What countries are in North America?

You see pictures of South America and it includes, Columbia, Bolivia, Peru, Brazil, Argentina, Chilli, Uraguay, Ecuador and those Guianna countries. And if you see a map of North America, its USA, Canada and Mexico. What about Central America…its not a continent. I have allways assumed they were part of North America, but I could be wrong.


Most geographers include the Central American countries as part of North America. When Panama was part of Colombia, that was where South America began. When it became independent, it switched to being in North America.

I use this as proof that continental divisions are sort of arbitrary.

I think North America should consist of Canada and the USA. Why? Well, those two countries share a common Anglo-French heritage, while the countries from Mexico down are Spanish/Portuguese in heritage and language. Canada and the USA also have different political traditions from the southern nations, with more interest in individual participation.

Central America, which includes Mexico, is a part of North America. That makes South America culturally homogenous but incomplete (it lacks the culturally similar Central America) and North America larger but less homogenous and, therefore, less defineable. I wonder why in the world the continents were divided this way.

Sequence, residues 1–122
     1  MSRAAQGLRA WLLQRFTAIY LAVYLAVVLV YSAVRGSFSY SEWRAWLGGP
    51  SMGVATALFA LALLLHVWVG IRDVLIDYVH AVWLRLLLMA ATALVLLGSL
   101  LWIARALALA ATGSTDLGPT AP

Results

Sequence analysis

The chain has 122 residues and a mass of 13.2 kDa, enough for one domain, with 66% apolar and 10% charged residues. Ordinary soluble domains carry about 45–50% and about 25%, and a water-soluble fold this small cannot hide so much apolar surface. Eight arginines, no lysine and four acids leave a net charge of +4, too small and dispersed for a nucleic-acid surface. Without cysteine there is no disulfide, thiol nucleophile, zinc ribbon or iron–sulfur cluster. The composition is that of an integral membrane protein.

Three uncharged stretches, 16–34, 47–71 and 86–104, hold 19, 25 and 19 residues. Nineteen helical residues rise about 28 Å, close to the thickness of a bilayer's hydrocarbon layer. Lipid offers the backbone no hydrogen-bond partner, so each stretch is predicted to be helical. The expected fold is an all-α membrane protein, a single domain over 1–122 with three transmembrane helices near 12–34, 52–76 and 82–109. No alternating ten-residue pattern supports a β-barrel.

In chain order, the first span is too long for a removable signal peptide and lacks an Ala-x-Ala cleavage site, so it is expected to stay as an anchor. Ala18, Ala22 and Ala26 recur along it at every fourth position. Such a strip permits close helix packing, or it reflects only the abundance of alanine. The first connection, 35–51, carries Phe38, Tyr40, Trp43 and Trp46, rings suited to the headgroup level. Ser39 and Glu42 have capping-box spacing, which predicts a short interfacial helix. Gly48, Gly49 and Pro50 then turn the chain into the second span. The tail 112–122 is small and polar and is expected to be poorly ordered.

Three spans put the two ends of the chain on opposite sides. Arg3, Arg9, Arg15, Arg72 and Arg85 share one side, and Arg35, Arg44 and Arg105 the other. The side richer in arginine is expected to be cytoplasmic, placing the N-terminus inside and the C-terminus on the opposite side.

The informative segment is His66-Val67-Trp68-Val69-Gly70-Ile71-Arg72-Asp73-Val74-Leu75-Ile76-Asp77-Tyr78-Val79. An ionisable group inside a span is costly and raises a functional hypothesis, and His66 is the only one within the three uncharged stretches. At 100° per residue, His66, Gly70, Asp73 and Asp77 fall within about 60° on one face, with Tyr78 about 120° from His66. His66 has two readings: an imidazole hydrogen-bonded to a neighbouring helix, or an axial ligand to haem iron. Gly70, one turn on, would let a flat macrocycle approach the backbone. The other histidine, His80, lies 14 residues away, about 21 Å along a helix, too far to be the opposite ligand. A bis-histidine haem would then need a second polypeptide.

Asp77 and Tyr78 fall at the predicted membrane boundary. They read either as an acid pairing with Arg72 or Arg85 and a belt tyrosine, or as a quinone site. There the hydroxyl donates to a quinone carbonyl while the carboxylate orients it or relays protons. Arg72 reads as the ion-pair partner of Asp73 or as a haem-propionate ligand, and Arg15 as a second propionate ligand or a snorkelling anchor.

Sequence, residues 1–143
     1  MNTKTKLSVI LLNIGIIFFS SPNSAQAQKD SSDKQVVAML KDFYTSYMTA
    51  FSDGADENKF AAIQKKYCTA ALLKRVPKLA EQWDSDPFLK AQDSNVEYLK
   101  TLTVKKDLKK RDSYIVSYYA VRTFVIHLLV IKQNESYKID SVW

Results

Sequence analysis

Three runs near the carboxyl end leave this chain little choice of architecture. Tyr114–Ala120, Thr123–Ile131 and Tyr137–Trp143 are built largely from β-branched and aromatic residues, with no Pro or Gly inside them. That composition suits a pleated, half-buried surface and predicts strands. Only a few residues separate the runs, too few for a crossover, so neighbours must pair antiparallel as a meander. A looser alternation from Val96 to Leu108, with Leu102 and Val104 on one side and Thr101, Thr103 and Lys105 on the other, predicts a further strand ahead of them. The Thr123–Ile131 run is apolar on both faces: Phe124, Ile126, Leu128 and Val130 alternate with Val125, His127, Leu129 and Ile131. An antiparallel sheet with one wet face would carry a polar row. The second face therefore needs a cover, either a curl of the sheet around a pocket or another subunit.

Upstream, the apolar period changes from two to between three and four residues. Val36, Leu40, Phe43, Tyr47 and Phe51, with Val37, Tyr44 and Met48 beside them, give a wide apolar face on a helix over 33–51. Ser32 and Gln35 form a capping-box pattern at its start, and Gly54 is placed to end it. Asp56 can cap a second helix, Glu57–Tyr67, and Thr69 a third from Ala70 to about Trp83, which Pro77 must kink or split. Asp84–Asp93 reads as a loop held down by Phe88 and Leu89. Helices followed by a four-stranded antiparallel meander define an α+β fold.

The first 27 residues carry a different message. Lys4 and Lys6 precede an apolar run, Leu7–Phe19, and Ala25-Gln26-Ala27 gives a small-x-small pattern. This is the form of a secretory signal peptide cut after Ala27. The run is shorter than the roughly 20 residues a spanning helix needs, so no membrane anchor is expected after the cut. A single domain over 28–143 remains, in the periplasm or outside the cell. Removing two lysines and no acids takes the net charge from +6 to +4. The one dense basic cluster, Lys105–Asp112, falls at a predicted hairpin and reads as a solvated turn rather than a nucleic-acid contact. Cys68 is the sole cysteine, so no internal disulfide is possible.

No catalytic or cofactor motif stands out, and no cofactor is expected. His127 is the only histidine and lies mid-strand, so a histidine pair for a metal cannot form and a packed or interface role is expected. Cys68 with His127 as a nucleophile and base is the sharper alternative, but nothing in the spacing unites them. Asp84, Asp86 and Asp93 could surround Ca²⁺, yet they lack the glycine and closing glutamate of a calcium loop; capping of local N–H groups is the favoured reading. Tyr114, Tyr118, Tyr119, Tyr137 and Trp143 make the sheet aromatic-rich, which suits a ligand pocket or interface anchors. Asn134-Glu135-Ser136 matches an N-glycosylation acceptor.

Um, maybe because they’re supposed to represent geographical rather than cultural regions.

What would happen to the Caribbean in your scenario? Would you put French-speaking Haiti in NA and the Spanish-speaking Dominican Republic in SA? (note: they’re on the same island)? Cuba and Puerto Rico, which are further north than English-speaking Jamaica and Trinidad, where would they go? And what about Surinam, a Dutch colony in South America?

And then what would we do about Asia? It would need to be broken down several times to give it anything approaching the cultural homogenity you seem to think continents are supposed to have.

Mexico refers to the US and Canada as North America and does not consider itself a part of it.
For the sake of clarity I would refer to the Caribbean as the Caribbean.

>> Mexico refers to the US and Canada as North America and does not consider itself a part of it.

Is that so? I think Mexicans would not agree with that statement nor would most people form other places. Can you provide any support for that?

These sites do not agree with you:

What about Greenland? If you look at a globe that shows the Arctic ocean, Greenland looks (to me) like more a part of North America than Europe. They speak Danish there, no? If so, it’s weird to think that there is a Danish speaking part of North America.

It’s interesting that divisions between continents are part geographical, part cultural. I remember being taught in elementary school that Europe and Asia are really part of the same continent, “Eurasia.” Looking at a map, this makes sense.

As far as “Central America” goes, I suppose if I had to choose, I would put Mexico, etc. in North America. Perhaps the Panama Canal is where I would draw the line :slight_smile: